What Amounts?

What is the proper amount of debt? This is an individual decision that has to do with risk tolerance and management. For some, the goal is zero debt. But keep in mind this can effect ones ability to build wealth, most ironically. Most Americans major asset is their primary house, which can rarely be acquired without the use of a debt instrument such as a mortgage.

Rules of Thumb

There are certain rules of thumb for how much to spend on major items based on someone’s salary. Here is an example for housing.


Ah yes, housing. You know, if we all had housing addressed (a paid off house) then we really wouldn’t need to make that much. But land and structures are expensive things. And, modern life certainly beats living in stick huts. Life can get pretty brutal by living among the elements. Therefore, we need to purchase housing. If you are just starting out in your career and are young, it’s best to find the cheapest accommodations you can find. If this means room mates, do it! Perhaps you can squeeze into a small space. I rented the smallest apartment available and at one point within walking distance of my job. At this age, this allows you to not go into further debt and start saving those initial seedling amounts for future investments. It also allows for the saving of a down payment, etc. Things typically get a bit more complicated in your 30’s and 40’s. By this time you might have a young family. You will be focused on more space, good schools and a safe neighborhood. All those things come with a cost. But how much?   RULE: Spend no more than 30% of gross (total before taxes) income on housing. Up to 40% if you have no debt. From the Federal Housing Association guidelines.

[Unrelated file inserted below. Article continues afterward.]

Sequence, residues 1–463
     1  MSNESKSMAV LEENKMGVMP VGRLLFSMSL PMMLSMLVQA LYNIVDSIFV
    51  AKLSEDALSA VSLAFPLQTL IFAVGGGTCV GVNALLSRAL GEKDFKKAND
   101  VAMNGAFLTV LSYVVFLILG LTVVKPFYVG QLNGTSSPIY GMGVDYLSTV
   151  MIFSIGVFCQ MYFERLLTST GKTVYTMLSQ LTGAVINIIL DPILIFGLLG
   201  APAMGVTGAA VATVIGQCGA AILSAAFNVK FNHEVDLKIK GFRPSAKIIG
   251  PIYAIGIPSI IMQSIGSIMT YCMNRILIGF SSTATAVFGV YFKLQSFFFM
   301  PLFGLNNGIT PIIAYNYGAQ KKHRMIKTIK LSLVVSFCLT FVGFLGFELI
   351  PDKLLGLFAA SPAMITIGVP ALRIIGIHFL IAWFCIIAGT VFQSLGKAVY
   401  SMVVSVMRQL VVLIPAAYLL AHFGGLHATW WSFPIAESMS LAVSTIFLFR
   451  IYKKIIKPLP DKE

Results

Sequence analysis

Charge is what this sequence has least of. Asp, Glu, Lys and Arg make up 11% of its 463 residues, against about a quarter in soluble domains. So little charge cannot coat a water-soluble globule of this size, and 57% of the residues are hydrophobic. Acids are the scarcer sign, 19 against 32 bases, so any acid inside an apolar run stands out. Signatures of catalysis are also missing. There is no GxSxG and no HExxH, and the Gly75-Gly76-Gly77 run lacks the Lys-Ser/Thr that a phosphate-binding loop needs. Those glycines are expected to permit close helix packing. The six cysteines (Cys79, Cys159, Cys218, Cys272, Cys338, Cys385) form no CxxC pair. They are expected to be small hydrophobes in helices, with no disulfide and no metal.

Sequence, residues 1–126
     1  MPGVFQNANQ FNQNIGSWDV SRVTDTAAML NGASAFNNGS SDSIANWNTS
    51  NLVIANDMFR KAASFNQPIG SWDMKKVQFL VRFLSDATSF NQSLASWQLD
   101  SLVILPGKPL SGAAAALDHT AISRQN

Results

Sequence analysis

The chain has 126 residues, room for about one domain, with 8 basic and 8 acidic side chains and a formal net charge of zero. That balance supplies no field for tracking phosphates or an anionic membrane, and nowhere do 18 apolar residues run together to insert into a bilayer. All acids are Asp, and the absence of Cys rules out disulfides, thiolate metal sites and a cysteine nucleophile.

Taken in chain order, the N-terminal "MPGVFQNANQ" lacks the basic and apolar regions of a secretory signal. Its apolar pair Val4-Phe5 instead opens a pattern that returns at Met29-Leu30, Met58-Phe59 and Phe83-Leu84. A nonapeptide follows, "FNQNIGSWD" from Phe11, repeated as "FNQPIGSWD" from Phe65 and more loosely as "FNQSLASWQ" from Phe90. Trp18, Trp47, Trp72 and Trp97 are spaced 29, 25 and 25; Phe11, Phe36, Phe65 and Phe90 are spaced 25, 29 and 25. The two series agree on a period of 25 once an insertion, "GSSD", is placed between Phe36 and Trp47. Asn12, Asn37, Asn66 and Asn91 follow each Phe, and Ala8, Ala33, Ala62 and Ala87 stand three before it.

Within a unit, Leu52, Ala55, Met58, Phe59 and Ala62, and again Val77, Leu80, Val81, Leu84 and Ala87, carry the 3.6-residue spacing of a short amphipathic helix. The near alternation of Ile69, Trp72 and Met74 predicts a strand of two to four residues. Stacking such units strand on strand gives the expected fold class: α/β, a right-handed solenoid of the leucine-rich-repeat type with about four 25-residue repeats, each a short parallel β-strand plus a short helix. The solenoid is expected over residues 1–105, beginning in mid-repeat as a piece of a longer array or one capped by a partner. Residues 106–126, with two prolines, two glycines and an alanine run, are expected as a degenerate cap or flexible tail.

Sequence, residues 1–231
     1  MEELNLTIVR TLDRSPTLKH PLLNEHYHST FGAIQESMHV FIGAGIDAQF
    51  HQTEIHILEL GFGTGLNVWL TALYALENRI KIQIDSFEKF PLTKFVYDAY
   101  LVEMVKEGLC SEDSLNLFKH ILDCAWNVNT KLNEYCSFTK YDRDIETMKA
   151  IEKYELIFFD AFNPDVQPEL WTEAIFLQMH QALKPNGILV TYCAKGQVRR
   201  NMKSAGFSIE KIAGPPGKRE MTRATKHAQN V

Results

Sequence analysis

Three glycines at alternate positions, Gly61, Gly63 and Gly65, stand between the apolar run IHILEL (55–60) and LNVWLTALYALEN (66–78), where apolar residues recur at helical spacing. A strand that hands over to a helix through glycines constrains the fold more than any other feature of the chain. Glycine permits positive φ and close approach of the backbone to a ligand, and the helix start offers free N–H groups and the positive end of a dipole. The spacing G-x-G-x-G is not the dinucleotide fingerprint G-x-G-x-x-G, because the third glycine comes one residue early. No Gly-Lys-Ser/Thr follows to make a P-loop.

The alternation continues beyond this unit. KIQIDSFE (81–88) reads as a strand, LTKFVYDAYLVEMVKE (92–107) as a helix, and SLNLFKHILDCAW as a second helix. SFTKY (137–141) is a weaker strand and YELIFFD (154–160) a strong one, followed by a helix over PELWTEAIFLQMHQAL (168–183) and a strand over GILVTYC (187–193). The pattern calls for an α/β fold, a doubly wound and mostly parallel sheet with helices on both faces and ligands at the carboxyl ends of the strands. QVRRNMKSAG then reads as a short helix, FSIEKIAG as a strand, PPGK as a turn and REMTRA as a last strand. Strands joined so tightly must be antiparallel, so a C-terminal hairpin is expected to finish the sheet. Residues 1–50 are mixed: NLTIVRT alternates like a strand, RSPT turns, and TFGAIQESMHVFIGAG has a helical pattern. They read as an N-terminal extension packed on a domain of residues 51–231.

Here Are Some Examples:

$60,000 Income, $5,000 gross monthly income, Mortgage should be between $1,450-2,050 (the high end if not much other debts)   $80,000 Income, $6,667 gross monthly income, Mortgage should be between $1,933-$2,391 (if not much other debts)   $100,000 Income, $8,333 gross monthly income, Mortgage between $2,417-$3,417 (if not much other debts) In some parts of the country this is manageable and in others it can be very difficult given the high cost of housing. The main point is to at least stay within these targets, but as always try to beat them.